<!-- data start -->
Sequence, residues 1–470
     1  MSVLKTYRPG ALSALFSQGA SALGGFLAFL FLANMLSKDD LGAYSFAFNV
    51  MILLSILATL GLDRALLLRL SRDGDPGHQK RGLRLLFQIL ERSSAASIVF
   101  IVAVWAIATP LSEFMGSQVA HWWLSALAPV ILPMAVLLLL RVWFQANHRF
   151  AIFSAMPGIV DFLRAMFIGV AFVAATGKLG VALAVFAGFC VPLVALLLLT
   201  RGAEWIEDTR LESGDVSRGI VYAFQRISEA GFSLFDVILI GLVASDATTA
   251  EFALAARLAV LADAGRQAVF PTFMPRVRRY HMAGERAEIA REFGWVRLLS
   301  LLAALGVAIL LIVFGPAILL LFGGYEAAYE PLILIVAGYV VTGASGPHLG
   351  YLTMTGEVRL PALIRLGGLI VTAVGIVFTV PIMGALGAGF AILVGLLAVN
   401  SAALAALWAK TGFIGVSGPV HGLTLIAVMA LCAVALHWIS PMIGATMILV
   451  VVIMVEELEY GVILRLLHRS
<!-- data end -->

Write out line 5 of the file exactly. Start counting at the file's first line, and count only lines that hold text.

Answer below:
   151  AIFSAMPGIV DFLRAMFIGV AFVAATGKLG VALAVFAGFC VPLVALLLLT